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The Kindness of Strangers

by Ailsa Betts

Bread, butter, Easter eggs, wine

We are living in unprecedented times. I hear that phrase at least once a day – along with other previously rarely used or unused turns of phrase – social distancing, furloughed, quarantined, flattening the curve...

Observing the response of the nation to this is easier because of a widespread access to local and national media. An observer cannot fail to admit that one of the prevalent responses to come out of these times is an upsurge in kindness.

Covid-19 mutual aid groups have sprung up everywhere. Streets have WhatsApp groups set up so they can look out for each other. Volunteers have not been in short supply to make deliveries, pick up prescriptions, collect donations or even provide listening ears on the phone.

George Monbiot writes in the Guardian about this sort of thing happening all over the world.

The horror films got it wrong. Instead of turning us into flesh-eating zombies, the pandemic has turned millions of people into good neighbours

Anyone who knows me with know that I love podcasts. This week I was listening to Dr Rangan Chattergee interviewing a Dr David Hamilton about his studies in kindness. Dr Hamilton stated that scientific research had proved 5 points about kindness. Being kind:

  1. makes you happier

  2. is good for your heart

  3. slows aging

  4. improves relationships

  5. is contagious

Jesus tells the parable of the Good Samaritan who showed extreme kindness for the man who had fallen prey to attackers.

It has not escaped me that I am very privileged to have a home and a family around me during these times of lockdown. This pandemic, while in many ways can change so much about life as I know it, is unlikely to make the dent in my life that it will make for countless others – for those with precarious incomes, for refugees in camps, for the families I work with who have vulnerable children, for those who may find themselves literally trapped in abusive relationships.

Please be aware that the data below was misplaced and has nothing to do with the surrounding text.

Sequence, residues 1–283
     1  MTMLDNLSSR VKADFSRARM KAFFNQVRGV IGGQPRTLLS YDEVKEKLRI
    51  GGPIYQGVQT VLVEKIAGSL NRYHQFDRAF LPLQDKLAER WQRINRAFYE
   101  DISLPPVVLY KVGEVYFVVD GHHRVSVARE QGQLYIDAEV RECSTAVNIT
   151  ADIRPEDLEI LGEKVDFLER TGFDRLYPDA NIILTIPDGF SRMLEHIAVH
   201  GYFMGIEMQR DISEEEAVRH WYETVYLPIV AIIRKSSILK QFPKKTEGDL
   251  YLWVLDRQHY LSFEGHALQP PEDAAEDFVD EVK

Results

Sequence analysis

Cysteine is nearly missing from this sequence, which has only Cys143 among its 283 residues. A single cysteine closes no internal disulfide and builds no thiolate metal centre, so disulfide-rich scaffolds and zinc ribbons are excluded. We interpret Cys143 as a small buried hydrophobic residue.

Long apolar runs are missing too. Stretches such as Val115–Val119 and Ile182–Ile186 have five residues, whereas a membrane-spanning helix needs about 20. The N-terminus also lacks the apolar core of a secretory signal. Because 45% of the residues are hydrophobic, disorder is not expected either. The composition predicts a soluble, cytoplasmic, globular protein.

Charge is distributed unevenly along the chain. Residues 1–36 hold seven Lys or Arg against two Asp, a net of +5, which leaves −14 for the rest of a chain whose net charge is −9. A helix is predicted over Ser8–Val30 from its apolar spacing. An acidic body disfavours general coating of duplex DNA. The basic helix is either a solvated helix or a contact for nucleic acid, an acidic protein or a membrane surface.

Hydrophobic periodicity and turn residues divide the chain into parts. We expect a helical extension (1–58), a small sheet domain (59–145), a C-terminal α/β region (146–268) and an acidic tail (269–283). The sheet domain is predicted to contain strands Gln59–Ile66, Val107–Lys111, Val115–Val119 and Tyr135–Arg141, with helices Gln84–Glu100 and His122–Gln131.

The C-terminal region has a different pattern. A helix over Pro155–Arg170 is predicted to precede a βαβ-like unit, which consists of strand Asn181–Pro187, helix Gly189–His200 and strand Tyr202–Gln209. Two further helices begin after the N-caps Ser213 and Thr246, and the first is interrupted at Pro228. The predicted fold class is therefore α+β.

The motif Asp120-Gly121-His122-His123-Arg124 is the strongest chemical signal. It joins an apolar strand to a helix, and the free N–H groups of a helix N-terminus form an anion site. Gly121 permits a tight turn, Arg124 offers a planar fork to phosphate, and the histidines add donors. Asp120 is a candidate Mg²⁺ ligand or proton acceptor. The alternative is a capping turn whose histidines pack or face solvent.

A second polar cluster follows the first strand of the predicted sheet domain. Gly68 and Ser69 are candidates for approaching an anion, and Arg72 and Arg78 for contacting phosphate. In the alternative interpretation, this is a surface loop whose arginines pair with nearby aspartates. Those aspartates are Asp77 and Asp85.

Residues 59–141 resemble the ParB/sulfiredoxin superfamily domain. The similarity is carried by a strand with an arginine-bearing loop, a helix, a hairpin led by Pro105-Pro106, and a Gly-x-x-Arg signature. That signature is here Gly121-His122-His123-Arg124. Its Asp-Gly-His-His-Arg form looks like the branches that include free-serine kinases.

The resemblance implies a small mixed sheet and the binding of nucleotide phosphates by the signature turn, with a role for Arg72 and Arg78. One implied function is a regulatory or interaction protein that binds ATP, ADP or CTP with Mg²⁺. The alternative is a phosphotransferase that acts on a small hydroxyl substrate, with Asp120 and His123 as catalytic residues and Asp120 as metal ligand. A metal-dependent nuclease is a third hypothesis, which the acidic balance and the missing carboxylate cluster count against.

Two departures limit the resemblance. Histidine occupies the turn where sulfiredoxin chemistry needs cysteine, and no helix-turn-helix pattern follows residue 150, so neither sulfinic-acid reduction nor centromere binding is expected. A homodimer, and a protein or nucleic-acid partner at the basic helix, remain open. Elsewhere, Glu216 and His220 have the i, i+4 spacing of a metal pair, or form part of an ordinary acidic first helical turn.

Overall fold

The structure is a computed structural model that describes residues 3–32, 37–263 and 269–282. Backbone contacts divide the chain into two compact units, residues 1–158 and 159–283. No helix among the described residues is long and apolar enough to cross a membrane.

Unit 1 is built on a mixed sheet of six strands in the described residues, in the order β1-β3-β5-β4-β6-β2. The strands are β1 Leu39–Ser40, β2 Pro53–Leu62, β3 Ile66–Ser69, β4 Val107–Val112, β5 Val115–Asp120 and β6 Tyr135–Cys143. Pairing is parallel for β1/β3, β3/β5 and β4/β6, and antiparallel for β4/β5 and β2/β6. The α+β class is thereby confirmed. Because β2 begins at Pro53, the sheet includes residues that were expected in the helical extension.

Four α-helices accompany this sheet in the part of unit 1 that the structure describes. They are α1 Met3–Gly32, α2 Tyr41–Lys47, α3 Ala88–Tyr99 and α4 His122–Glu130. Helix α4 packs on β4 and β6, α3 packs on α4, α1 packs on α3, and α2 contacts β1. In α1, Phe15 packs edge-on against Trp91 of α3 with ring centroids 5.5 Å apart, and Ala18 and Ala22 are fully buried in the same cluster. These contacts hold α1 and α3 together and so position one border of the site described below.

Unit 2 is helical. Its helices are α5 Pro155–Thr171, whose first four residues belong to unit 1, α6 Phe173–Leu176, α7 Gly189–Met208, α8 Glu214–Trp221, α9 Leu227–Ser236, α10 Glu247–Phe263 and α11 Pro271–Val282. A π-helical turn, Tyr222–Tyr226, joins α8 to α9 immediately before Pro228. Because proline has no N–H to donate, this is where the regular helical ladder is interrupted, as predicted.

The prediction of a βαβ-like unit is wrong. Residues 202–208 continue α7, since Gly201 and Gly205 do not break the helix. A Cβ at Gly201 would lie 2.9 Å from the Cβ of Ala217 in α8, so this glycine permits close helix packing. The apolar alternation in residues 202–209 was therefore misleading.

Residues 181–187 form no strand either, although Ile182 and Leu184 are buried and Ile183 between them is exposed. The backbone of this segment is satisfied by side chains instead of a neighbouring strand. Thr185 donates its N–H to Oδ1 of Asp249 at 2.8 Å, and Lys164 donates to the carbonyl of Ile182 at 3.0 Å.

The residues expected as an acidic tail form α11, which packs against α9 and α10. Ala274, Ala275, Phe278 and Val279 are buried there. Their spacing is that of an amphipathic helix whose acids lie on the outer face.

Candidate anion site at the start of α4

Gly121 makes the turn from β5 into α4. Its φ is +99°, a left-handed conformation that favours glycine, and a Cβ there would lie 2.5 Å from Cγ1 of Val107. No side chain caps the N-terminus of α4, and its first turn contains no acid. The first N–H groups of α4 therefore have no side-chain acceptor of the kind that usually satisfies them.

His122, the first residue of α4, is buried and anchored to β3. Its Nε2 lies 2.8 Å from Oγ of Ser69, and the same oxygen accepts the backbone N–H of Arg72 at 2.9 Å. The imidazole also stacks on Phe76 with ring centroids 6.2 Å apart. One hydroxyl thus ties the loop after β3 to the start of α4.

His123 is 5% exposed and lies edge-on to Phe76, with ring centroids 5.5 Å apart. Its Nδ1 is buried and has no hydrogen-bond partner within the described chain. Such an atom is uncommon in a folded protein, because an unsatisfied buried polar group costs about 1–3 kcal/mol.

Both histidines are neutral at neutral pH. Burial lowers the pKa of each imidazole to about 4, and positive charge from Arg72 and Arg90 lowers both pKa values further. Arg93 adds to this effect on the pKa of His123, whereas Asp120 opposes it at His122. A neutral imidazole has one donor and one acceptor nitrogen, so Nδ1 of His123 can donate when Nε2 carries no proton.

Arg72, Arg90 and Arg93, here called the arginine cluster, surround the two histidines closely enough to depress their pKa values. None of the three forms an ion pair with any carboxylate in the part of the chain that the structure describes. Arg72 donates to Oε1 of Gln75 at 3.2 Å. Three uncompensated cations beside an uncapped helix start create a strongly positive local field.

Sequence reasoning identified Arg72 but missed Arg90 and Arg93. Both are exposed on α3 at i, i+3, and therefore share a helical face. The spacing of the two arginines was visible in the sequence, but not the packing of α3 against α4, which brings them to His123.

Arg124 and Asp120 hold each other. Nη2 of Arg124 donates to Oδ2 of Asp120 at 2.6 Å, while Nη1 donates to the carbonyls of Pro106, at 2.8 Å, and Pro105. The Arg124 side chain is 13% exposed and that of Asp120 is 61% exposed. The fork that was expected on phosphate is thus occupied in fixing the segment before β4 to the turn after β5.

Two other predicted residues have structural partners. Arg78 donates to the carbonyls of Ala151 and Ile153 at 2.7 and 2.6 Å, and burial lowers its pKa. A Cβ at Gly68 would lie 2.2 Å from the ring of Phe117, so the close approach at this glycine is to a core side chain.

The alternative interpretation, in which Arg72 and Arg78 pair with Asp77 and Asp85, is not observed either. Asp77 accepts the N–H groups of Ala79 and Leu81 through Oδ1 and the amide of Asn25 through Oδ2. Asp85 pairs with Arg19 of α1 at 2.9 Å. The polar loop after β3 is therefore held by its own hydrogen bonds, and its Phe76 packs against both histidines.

But a few weeks ago I developed a cough. Not a bad cough but enough for the 111 website to tell me that me and my family would need to stay indoors.

A neighbour called Mohammed came to my aid. I posted on a WhatsApp group that we had run out of bread and milk. Within half an hour Mohammed had left a bag on my doorstep. In it were the essentials I had asked for and, in addition, three Easter eggs, chocolates and a bottle of wine.

“They were just some things we had in the house that we had no need for.” He called to

Mike from a safe distance at the end of the path.

I text Mohammed and ask him for his bank details so I can square up. He replies with his details but asks that instead I make a donation to charity on behalf of his family. I duly do.

In the story of the Samaritan, Jesus tells us how he tends to his wounds and then delivers him to a place of safety and pays for his ongoing care. He went beyond the call of duty.

Mohammed did not need to add to the basics I requested. He went beyond the call of duty. I have still never met Mohammed – we have only texted. But we will meet and I will call him my friend from now on. And that would have been unlikely to happen outside these circumstances – because Mohammed is an accountant and I generally don’t find myself crossing paths with accountants on a day-to-day basis.

This pandemic will devastate so much about life as we know it. But I hope the kindness, with all the benefits it will bring, will ultimately trump that devastation.

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